Fri, Oct 28, 2016 | updated 07:28 PM IST

Does teacher's belief about climate change influence students?

Updated: Sep 11, 2016 09:16 IST

Washington D.C. [USA], Sept. 11 (ANI): A recent study, conducted in a class, explored whether teachers' beliefs about climate change influenced students' perceptions or not.

Professor Kathryn Stevenson said, "The answer is yes and no, While students generally mirror a teacher's belief that global warming is happening, when it comes to the cause of climate change, students reason for themselves and reach different conclusions than their teachers do."

Stevenson said the study included 369 middle school students in coastal North Carolina, a region at high risk of sea-level rise and related effects of climate change.

While more than 95 percent of the world's climate scientists attribute global warming to human causes, only about half of U.S. adults agree. Teachers share those views, suggesting such polarization over climate change causes may be spread through classroom teaching.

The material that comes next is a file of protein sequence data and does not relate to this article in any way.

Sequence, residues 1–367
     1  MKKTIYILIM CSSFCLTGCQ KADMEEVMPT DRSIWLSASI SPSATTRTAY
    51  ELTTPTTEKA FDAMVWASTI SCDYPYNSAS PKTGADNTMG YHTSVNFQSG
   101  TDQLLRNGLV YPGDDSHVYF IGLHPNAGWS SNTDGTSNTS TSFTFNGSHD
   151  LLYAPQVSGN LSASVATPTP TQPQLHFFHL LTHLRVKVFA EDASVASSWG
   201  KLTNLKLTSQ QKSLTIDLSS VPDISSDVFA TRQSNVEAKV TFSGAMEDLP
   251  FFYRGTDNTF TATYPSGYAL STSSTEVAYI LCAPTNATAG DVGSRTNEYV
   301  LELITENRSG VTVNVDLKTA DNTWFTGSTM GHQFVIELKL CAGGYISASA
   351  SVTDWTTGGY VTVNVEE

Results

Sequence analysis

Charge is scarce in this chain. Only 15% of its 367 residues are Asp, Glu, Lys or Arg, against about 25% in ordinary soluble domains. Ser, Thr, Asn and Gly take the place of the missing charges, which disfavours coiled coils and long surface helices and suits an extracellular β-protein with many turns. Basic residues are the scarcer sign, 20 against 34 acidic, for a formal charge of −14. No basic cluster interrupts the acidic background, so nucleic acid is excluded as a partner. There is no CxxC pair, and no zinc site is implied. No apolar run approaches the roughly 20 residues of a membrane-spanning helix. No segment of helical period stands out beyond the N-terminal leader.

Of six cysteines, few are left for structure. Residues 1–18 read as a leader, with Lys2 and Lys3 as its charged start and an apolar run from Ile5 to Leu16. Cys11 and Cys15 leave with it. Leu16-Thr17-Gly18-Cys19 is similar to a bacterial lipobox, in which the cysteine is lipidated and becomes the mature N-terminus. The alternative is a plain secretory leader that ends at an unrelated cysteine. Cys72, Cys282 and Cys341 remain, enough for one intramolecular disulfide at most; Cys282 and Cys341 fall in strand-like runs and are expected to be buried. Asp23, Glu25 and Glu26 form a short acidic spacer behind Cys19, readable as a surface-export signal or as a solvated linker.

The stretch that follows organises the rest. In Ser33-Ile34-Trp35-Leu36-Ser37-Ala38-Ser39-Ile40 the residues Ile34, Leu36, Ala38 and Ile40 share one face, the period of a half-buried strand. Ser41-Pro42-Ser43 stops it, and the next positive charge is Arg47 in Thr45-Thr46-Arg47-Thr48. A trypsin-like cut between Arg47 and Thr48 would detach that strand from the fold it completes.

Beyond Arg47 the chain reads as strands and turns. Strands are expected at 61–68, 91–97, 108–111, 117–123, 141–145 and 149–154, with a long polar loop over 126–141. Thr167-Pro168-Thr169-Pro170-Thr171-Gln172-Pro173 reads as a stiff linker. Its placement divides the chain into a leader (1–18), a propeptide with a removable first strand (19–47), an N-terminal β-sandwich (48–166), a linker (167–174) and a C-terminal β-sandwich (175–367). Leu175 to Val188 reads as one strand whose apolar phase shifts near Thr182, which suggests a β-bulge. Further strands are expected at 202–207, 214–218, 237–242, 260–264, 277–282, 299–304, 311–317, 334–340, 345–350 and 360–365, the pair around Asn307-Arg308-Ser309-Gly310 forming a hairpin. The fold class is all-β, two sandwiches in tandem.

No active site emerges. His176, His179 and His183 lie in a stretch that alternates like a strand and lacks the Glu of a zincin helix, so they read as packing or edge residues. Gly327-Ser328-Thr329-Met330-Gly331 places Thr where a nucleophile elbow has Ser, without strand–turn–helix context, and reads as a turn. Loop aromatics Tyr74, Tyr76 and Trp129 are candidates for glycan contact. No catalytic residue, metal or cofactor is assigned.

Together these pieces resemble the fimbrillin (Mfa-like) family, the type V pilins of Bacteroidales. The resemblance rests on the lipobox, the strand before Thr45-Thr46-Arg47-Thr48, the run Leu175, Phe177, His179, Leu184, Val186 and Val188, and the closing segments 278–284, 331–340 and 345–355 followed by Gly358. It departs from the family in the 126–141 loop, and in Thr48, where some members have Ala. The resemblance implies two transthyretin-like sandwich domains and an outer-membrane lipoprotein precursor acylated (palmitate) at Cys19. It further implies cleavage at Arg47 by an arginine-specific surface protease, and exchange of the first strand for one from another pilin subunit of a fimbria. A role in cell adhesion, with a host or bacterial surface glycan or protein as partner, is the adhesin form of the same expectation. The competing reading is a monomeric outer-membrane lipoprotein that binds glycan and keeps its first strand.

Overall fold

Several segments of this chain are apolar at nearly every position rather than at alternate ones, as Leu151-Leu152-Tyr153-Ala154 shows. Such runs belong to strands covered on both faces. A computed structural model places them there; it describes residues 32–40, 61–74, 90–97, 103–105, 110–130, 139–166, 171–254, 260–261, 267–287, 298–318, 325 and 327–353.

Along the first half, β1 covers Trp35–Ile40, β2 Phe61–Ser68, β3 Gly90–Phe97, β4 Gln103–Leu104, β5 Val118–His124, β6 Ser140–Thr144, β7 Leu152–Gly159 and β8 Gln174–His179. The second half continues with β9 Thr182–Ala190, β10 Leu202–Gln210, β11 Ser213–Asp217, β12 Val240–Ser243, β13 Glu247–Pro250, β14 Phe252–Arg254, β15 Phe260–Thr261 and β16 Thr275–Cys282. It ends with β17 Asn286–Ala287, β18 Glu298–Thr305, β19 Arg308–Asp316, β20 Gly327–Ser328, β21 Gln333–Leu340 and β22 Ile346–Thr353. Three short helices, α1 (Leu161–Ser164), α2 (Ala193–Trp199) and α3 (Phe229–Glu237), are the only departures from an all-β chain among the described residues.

"We know that adults' views of climate change are strongly related to their worldviews and ideology," Early adolescence is a time when students' views are still forming, and we wanted to find out which factors affect their beliefs about climate change," Stevenson said.

Researchers found that having a teacher who believed climate change was occurring - as 92 percent of students in the study did - was a "strong, positive predictor" of students' belief in global warming.

However, students diverged from their teachers when it came to understanding the causes of climate change. Students who believed climate change was happening concluded it was caused by humans regardless of their teachers' beliefs.

"Students could interpret scientific information for themselves and deduce that climate change is human-caused or anthropogenic. The strongest factor in students' belief in human-caused climate change was their own knowledge of climate science," he said.

Most middle school science teachers reported spending a short time focusing on climate change - one to two hours on average.

The study was published in PLOS ONE. (ANI)